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Randy Bachman, left, and Fred Turner, right, pose in Toronto on Tuesday, August. 24, 2010. (Nathan Denette/THE CANADIAN PRESS)
Randy Bachman, left, and Fred Turner, right, pose in Toronto on Tuesday, August. 24, 2010. (Nathan Denette/THE CANADIAN PRESS)

Bachman-Turner Overdrive to be (finally) ushered into Canadian Music Hall of Fame Add to ...

When Bachman-Turner Overdrive thunders into the Canadian Music Hall of Fame at the Juno Awards in March, the honour may well feel overdue.

Not because of any reticence on behalf of organizers to fete the flannel-clad masters of hard-chugging rock and roll. More than a decade ago, the Canadian Academy of Recording Arts and Sciences was ready to induct BTO, but various members were still ensconced in conflicts over who had the rightful claim to the band’s name and which lineup precisely would be ushered in.

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Such spats now seem a distant memory, and each of the four band members being inducted — the lineup of Randy Bachman, Fred Turner, Blair Thornton and Robin (Robbie) Bachman who created the 1974 hit album “Not Fragile” — insists that no hard feelings will remain when they’re appropriately beckoned into the Hall in their hometown of Winnipeg.

So, what changed?

“It took decades, but we all grew up,” Randy Bachman said in a telephone interview. “As in any family, as in any band, as on any team, as in any relationship, there are bound to be ... differences. And some of the differences are irreconcilable and some of them are really tiny, stupid, little petty things and some of them are big things. But as time goes by and you grow up as an adult ... you look back at it and go: ‘Wow, the guy was an absolute jerk and guess what? I was a jerk too in my own way.’

“All the little differences that cause a band to break up or one guy to leave ... looking back at it, you go, oh yeah, he was a jerk, I was a jerk, he was a goof, he was always late, he was a maniac, he spent all his money, whatever.

“What in the end matters is, in our own way, we went out ... for our own little period of time, we became something. A band that other bands wanted to be like.”

And for Bachman, this gilding of his band’s legacy seems to carry extra significance. Because he remembers vividly how close the venture veered toward failure.

In May 1970, Bachman had somewhat abruptly decided to depart the Guess Who when the rock band was at the peak of its powers, just months after the release of “American Woman.” He had been suffering gall bladder attacks that had sentenced him to nightly visits to the emergency room, feverish, doubled over in pain and vomiting blood.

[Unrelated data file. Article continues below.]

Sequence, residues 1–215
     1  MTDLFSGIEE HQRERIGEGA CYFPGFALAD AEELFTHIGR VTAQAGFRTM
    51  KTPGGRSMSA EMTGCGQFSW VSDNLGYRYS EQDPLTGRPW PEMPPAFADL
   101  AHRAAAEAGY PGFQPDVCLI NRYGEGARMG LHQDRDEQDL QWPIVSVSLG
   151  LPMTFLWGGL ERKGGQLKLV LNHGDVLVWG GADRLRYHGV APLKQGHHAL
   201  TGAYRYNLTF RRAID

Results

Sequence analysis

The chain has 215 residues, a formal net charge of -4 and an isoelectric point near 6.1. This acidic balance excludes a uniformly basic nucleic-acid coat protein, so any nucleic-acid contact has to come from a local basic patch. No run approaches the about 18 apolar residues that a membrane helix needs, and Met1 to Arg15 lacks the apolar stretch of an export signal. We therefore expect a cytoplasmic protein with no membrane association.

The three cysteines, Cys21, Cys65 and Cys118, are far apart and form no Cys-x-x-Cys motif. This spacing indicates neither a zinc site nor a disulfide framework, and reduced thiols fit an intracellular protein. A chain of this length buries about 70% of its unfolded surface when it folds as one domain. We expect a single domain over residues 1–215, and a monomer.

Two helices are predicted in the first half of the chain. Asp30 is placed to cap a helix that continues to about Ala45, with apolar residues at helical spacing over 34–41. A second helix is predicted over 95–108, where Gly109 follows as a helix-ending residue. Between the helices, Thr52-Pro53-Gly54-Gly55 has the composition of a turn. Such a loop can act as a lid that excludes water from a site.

When he said he couldn’t continue touring, the Guess Who lined up a temporary replacement guitarist and soon after, Bachman decided to leave the band.

“Looking back at it, if the Guess Who were in the right state of mind — Burton Cummings and the band — that I was, we would have recognized that ‘Randy has a problem, he’s bleeding to death, he’s in pain, we’re No. 1, let’s take a month off and see what’s wrong, get him fixed and go back on the road,“’ recalled Bachman now.

“There never would have been a BTO.”

But BTO didn’t emerge immediately. Bachman’s first move was to form — with substantial help from fellow Winnipeg native Neil Young — a country-pop outfit called Brave Belt with his brother Robin and former Guess Who associate Chad Allan. Turner was added soon afterward on bass.

Brave Belt put out two records that “kind of went nowhere,” and a third underwhelming effort got the band dropped from its deal with Reprise Records. Randy Bachman shopped that third record around but found a tepid response, initially. After 20-plus refusals, Warner Bros. expressed interest but demanded the band change its moniker to something that capitalized upon Bachman’s name recognition.

They switched to Bachman-Turner and picked up “Overdrive” from a “trucker magazine.” Suddenly, they “had this magical thing,” Bachman said, noting having a name easily shortened into an acronym was “really hip” in the era of CSNY and CCR.

The newly christened band had a new sound, too, which Bachman calls “lumberjack rock”: “plug in guitars, plug in your amp, and knock down trees. It was not sophisticated rock and roll.”

Determined to make it big, BTO spent 330 days of their first year together on the road.

“(We) had no hit singles, just sheer force of determination,” Bachman recalled. “And then suddenly the hits started to come, like ’Let it Ride’ and ‘Takin’ Care of Business’ and ‘You Ain’t Seen Nothing Yet’ and ‘Looking Out for No. 1’ and ‘Hey You.’ Suddenly the floodgates were open. Everybody wanted what I was doing.

“Suddenly you go from super cold to super hot.”

Indeed, the band’s first self-titled album — the Brave Belt record no one wanted — eventually climbed to gold sales. “Bachman-Turner Overdrive II” went platinum, as did the chart-topping “Not Fragile” in 1974, which also spawned the band’s first No. 1 single in Canada with “You Ain’t Seen Nothing Yet.”

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